“We expected them to deal with the matter in a diplomatic way; this is supposed to be a first world country,” said Manuel.

As Manuel handed the microphone back to Klein, she received a standing ovation from the packed Chan Centre audience, members of the audience joining her in standing with fists raised in unison with her own stance. MORE

Pam Palmater launches Reconciliation Book Club on YouTube

The Mi’kmaq lawyer and Ryerson professor is helping Canadians self-educate on Indigenous issues with a video series

Image result for pam palmater
Photo: Lisa Macintosh

According to Pam Palmater, the government isn’t doing the work for reconciliation. It’s up to the people – “the true government” – to do that work.

The Mi’kmaq lawyer and Ryerson University professor issued that call to action in the introductory video to her latest endeavour, The Reconciliation Book Club.

Launched in July, the YouTube video series and its comments section are meant to be a safe space for Indigenous peoples and their allies to collaborate on what Palmater describes as an interactive journey to educate the resistance. How to be an ally is not taught in schools, she reminds viewers, so self-education is key.

Palmater has written in NOW about Idle No MoreCanada 150 as a celebration of Indigenous genocide and most recently for our Missing and Murdered cover story. For The Reconciliation Book Club, she’s going beyond her own knowledge, tapping more voices and inviting discussion.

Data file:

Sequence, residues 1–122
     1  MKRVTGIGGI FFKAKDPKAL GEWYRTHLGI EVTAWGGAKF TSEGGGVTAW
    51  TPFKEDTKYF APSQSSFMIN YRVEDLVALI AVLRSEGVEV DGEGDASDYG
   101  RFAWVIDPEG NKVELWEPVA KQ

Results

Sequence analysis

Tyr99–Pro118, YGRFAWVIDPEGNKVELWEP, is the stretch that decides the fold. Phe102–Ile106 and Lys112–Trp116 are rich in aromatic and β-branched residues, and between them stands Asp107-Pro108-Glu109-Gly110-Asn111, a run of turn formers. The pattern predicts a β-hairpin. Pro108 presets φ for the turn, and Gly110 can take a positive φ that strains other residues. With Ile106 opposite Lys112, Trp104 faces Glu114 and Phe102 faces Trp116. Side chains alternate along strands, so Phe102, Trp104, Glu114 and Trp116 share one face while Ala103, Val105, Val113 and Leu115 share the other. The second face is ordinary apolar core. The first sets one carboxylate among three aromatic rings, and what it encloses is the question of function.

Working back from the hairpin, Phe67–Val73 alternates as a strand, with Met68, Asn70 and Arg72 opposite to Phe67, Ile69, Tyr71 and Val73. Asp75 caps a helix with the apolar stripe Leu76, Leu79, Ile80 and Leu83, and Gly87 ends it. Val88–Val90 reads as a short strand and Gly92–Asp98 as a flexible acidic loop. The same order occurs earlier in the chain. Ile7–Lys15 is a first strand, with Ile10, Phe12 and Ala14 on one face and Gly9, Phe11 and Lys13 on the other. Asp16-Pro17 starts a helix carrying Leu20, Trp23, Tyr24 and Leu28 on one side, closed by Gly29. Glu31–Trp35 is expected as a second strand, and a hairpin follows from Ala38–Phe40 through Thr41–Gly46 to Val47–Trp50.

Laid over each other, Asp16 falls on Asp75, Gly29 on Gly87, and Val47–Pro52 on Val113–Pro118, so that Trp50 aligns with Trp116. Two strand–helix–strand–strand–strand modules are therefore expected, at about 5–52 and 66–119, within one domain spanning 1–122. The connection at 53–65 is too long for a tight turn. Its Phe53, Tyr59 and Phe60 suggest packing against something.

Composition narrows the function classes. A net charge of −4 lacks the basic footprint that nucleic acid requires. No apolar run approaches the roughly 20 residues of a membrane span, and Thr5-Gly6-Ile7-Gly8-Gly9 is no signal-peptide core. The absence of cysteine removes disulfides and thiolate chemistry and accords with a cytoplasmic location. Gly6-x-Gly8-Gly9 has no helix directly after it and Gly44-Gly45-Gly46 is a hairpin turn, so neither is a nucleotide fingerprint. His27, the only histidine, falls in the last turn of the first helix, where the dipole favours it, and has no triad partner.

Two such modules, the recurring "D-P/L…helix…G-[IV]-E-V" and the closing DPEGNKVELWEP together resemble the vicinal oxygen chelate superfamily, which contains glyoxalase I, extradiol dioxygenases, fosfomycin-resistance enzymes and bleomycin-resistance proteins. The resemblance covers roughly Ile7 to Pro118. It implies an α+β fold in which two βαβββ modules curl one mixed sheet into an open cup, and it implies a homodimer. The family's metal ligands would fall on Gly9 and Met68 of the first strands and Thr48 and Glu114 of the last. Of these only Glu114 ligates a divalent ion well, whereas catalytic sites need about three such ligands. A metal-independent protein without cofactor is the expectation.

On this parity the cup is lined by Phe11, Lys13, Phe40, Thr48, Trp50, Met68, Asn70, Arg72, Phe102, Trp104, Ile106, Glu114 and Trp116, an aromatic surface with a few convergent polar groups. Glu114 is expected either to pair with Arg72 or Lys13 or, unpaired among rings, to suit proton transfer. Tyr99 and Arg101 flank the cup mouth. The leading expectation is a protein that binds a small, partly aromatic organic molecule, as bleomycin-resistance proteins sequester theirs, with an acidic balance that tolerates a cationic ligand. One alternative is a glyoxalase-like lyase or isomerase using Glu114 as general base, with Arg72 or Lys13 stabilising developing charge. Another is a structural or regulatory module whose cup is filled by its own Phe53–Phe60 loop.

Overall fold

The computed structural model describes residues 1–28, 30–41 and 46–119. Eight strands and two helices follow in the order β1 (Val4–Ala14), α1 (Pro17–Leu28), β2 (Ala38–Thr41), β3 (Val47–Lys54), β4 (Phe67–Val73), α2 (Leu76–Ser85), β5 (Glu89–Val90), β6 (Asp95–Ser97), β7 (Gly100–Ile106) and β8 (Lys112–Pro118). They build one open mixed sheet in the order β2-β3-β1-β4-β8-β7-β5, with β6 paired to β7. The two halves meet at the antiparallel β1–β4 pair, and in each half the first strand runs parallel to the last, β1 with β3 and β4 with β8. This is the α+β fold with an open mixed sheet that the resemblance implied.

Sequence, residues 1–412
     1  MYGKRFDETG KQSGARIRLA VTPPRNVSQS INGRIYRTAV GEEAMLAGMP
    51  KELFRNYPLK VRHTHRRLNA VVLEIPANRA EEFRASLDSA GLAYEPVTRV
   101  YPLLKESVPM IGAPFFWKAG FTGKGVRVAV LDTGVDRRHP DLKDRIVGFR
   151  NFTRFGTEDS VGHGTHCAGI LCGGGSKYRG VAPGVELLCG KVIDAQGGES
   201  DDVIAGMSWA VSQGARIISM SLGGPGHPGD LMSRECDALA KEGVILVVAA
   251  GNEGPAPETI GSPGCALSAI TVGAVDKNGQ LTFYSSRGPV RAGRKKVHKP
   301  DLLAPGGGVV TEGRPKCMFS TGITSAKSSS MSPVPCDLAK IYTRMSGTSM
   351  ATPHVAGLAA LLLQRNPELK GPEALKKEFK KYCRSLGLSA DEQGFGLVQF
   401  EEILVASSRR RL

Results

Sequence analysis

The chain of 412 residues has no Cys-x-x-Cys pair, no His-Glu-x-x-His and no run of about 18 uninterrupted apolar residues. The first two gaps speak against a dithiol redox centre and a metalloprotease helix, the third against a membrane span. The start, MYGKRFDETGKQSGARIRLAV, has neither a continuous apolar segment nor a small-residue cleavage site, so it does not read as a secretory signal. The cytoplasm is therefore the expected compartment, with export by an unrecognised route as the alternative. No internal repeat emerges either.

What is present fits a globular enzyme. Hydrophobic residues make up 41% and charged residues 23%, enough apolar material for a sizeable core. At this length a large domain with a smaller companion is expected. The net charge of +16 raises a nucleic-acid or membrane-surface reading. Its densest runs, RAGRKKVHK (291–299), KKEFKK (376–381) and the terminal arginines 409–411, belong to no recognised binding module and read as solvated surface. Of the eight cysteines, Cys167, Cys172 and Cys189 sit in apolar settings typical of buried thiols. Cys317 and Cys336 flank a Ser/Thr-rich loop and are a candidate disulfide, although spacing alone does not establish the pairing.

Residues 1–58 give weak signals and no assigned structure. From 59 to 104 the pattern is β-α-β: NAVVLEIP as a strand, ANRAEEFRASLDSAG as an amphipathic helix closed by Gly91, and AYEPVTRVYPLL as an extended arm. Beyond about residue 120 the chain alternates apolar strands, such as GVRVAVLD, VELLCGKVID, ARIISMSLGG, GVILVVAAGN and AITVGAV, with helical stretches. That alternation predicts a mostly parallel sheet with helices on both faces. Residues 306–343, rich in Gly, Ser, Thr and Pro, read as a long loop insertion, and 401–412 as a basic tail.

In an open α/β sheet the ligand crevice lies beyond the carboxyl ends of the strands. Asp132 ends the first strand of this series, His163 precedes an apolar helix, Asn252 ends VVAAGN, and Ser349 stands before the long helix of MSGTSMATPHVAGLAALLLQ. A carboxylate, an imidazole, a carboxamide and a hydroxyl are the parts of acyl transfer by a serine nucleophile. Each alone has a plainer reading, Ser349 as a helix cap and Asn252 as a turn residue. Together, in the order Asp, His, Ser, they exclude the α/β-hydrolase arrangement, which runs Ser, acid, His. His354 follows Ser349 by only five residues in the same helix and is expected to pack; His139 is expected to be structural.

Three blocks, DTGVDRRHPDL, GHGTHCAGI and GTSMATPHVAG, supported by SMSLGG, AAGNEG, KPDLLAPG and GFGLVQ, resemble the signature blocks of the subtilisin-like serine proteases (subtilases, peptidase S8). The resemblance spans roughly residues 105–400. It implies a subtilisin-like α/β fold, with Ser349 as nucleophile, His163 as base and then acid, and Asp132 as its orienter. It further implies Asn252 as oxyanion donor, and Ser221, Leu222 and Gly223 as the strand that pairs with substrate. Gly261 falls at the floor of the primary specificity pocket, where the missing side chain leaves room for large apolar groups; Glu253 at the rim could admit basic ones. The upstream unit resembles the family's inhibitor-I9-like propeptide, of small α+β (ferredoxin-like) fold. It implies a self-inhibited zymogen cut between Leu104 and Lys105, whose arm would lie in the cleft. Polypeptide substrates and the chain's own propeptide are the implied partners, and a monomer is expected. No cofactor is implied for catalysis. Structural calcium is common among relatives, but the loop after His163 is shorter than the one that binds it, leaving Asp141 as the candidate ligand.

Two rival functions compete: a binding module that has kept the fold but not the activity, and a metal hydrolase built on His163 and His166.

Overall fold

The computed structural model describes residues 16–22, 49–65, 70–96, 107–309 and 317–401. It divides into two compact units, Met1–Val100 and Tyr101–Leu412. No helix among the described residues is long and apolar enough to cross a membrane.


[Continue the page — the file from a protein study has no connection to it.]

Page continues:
Each month she will recommend a book, and then in the following video she’ll discuss it using subscriber comments as feedback and contributions into the conversation. The series will focus primarily on Indigenous authors, she says, since those voices have been “silenced and ignored.” But Palmater will also feature a few non-Indigenous writers whose books she considers “important works to stand in solidarity with Indigenous peoples and advance our causes.”

Palmater introduced the series in early July, announcing the first book: Whose Land Is It Anyway? A Manual For Decolonization. The collection of essays from various authors, including late activist Arthur Manuel, was published by the Federation of Post-Secondary Educators in BC and is available as a free download.

Palmater’s first episode discussing Whose Land Is It Anyway? dropped on July 27. During the 40-minute video, she highlights the writing of Beverly Jacobs, who maps out the “core relationship between the colonization of Indigenous land and the colonization and targeting of Indigenous woman and girls.”

She describes the book as straight truth. “Truth has to come before justice,” she says. “And justice has to come before reconciliation.”

Check out the introductory video below.

Whose Land Is It Anyway? A Manual for Decolonization

Whose Land Is It Anyway? A Manual for Decolonization is available free to the public as an e-book

Whose Land is it Anyway

Whose Land Is It Anyway? A Manual for Decolonization; was inspired by a 2016 speaking tour  by Arthur Manuel, less than a year before his untimely passing in January 2017.

The book contains two essays from Manuel, described as the Nelson Mandela of Canada, and essays from renowned Indigenous writers Taiaiake Alfred, Glen Coulthard, Russell Diabo, Beverly Jacobs, Melina Laboucan-Massimo, Kanahus Manuel, Jeffrey McNeil-Seymour, Pamela Palmater, Shiri Pasternak, Nicole Schabus, Senator Murray Sinclair, and Sharon Venne. FPSE is honoured to support this publication.

DOWNLOAD HERE: